But this little incident has always lingered in my mind as a sort of parable. Most modern histories of mankind begin with the word evolution, and with a rather wordy exposition of evolution, for much the same reason that operated in this case. There is something slow and soothing and gradual about the word and even about the idea. As a matter of fact, it is not, touching these primary things, a very practical word or a very profitable idea. Nobody can imagine how nothing could turn into something. Nobody can get an inch nearer to it by explaining how something could turn into something else. It is really far more logical to start by saying, "In the beginning God created heaven and earth" even if you only mean, "In the beginning some unthinkable power began some unthinkable process." For God is by its nature a name of mystery, and nobody ever supposed that man could imagine how a world was created any more than he could create one. But evolution really is mistaken for explanation. It has the fatal quality of leaving on many minds the impression that they do understand it and everything else, just as many of them live under a sort of illusion that they have read The Origin of Species.

But this notion of something smooth and slow, like the ascent of a slope, is a great part of the illusion. It is an illogicality as well as an illusion; for slowness has really nothing to do with the question. An event is not any more intrinsically intelligible or unintelligible because of the pace at which it moves. For a man who does not believe in a miracle, a slow miracle would be just as incredible as a swift one. The Greek witch may have turned sailors to swine with a stroke of the wand. But to see a naval gentleman of our acquaintance looking a little more like a pig every day, till he ended with four trotters and a curly tail, would not be any more soothing. It might be rather more creepy and uncanny. The medieval wizard may have flown through the air from the top of a tower; but to see an old gentleman walking through the air, in a leisurely and lounging manner, would still seem to call for some explanation. Yet there runs through all the rationalistic treatment of history this curious and confused idea that difficulty is avoided, or even mystery eliminated, by dwelling on mere delay or on something dilatory in the processes of things. There will be something to be said upon particular examples elsewhere; the question here is the false atmosphere of facility and ease given by the mere suggestion of going slow, the sort of comfort that might be given to a nervous old woman traveling for the first time in a motorcar.

Mr. H. G. Wells has confessed to being a prophet; and in this matter he was a prophet at his own expense. It is curious that his first fairy tale was a complete answer to his last book of history. The Time Machine destroyed in advance all comfortable conclusions founded on the mere relativity of time. In that sublime nightmare the hero saw trees shoot up like green rockets, and vegetation spread visibly like a green conflagration, or the sun shoot across the sky from east to west with the swiftness of a meteor. Yet in his sense these things were quite as natural when they went swiftly; and in our sense they are quite as supernatural when they go slowly. The ultimate question is why they go at all; and anybody who really understands that question will know that it always has been and always will be a religious question, or at any rate a philosophical or metaphysical question. And most certainly he will not think the question answered by some substitution of gradual for abrupt change, or in other words, by a merely relative question of the same story being spun out or rattled rapidly through, as can be done with any story at a cinema by turning a handle.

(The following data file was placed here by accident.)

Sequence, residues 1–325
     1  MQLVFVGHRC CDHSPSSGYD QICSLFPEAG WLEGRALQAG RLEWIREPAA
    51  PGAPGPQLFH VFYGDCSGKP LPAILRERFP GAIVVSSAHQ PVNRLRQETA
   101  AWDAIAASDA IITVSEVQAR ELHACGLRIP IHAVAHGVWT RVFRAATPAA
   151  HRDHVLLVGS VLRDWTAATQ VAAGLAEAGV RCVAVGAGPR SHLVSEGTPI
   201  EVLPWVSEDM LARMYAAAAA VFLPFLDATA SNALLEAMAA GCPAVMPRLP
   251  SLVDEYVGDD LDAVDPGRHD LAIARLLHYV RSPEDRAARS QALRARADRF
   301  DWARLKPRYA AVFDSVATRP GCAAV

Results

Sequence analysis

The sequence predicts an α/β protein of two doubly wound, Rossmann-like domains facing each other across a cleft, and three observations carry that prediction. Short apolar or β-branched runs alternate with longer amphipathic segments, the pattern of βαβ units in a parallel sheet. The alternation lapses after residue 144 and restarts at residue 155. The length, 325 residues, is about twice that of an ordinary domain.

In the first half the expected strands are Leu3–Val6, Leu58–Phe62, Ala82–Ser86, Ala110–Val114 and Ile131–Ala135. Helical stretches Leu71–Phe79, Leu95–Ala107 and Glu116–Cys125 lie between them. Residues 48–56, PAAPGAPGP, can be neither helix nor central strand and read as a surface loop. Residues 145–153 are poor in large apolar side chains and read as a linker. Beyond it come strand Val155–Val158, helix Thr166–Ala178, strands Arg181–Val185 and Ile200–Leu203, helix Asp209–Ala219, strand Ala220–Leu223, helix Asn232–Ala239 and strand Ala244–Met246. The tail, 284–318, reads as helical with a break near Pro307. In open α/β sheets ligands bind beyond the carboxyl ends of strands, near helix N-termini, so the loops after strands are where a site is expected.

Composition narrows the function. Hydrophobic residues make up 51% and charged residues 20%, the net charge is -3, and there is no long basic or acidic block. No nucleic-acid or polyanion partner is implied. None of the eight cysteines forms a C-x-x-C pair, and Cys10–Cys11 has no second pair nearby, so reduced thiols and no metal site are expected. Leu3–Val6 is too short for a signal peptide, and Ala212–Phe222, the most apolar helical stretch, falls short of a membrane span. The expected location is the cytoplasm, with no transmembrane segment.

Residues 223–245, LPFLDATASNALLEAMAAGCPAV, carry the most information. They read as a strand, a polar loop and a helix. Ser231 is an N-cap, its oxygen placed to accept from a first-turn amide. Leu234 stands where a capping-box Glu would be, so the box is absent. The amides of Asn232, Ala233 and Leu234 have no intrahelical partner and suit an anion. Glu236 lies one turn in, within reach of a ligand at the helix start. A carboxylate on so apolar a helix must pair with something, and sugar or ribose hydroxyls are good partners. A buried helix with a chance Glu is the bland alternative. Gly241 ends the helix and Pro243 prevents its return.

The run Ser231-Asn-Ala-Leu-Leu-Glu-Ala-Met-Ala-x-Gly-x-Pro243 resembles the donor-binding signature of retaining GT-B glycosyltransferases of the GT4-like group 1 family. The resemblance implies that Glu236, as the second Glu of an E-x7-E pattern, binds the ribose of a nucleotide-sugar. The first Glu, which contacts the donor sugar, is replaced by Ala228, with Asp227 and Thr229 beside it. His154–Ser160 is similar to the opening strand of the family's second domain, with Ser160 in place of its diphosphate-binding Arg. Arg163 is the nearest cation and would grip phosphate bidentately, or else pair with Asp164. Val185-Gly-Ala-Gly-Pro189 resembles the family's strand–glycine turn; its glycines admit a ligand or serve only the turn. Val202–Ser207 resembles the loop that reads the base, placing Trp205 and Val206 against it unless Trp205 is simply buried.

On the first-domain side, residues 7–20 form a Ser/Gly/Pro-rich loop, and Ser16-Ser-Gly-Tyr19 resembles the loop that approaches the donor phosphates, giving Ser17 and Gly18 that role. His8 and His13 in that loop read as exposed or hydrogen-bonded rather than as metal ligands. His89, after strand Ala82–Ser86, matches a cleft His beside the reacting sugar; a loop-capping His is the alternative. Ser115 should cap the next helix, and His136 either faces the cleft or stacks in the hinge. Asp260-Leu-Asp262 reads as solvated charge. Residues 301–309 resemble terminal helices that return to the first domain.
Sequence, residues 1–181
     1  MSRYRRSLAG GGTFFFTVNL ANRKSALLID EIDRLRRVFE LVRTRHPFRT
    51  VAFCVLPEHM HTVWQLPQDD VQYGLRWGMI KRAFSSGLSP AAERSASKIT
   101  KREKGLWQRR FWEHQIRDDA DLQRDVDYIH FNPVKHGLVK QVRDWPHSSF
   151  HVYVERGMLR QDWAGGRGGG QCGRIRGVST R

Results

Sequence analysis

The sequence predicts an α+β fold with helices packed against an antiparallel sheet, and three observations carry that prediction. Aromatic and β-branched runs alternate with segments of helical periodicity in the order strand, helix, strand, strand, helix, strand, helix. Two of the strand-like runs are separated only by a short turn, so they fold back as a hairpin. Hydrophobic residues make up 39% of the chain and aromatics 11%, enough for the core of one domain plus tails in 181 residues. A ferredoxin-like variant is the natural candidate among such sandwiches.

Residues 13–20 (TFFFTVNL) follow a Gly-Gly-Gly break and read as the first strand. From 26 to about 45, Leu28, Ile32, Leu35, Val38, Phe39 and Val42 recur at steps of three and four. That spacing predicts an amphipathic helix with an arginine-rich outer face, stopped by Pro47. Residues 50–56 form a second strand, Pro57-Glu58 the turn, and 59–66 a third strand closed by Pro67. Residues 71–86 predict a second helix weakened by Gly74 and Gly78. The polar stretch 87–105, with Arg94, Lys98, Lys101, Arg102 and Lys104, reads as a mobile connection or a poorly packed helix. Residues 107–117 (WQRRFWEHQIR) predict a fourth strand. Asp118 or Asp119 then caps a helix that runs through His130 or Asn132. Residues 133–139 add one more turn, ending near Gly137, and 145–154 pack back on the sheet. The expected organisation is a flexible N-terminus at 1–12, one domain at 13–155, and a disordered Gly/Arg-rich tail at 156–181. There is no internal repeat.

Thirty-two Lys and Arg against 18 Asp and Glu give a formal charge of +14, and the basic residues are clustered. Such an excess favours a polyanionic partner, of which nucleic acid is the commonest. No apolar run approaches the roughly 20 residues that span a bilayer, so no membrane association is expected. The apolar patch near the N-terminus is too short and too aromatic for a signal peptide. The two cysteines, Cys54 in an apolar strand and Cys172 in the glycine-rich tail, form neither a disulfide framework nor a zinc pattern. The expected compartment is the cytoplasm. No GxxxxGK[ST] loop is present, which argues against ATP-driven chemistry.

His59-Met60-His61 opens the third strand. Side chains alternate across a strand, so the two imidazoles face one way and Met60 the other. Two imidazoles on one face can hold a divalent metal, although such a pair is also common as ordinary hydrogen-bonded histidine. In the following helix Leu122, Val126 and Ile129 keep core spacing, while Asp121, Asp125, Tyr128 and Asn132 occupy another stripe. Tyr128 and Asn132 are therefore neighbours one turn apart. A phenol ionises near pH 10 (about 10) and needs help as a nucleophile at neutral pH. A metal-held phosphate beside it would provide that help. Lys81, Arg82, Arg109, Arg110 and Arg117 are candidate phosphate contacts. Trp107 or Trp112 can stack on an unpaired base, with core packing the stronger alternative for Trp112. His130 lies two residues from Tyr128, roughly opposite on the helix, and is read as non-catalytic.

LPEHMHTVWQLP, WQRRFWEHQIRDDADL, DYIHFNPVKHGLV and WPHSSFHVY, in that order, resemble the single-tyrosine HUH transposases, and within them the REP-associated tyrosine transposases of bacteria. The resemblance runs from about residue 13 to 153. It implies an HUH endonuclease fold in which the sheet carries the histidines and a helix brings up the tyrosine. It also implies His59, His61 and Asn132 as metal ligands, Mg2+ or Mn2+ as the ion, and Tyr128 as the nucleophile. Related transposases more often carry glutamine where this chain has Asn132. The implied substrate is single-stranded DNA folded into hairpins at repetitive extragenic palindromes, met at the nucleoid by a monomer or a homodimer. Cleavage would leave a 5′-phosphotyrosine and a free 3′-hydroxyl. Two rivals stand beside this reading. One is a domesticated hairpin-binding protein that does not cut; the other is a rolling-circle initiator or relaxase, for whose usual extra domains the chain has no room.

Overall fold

Now what is needed for these problems of primitive existence is something more like a primitive spirit. In calling up this vision of the first things, I would ask the reader to make with me a sort of experiment in simplicity. And by simplicity I do not mean stupidity, but rather the sort of clarity that sees things like life rather than words like evolution. For this purpose it would really be better to turn the handle of the Time Machine a little more quickly and see the grass growing and the trees springing up into the sky, if that experiment could contract and concentrate and make vivid the upshot of the whole affair. What we know, in a sense in which we know nothing else, is that the trees and the grass did grow and that a number of other extraordinary things do in fact happen; that queer creatures support themselves in the empty air by beating it with fans of various fantastic shapes; that other queer creatures steer themselves about alive under a load of mighty waters; that other queer creatures walk about on four legs, and that the queerest creature of all walks about on two. These are things and not theories; and compared with them, evolution and the atom and even the solar system are merely theories. The matter here is one of history and not of philosophy, so that it need only be noted that no philosopher denies that a mystery still attaches to the two great transitions: the origin of the universe itself and the origin of the principle of life itself. Most philosophers have the enlightenment to add that a third mystery attaches to the origin of man himself. In other words, a third bridge was built across a third abyss of the unthinkable when there came into the world what we call reason and what we call will. Man is not merely an evolution but rather a revolution. That he has a backbone or other parts upon a similar pattern to birds and fishes is an obvious fact, whatever be the meaning of the fact. But if we attempt to regard him, as it were, as a quadruped standing on his hind legs, we shall find what follows far more fantastic and subversive than if he were standing on his head.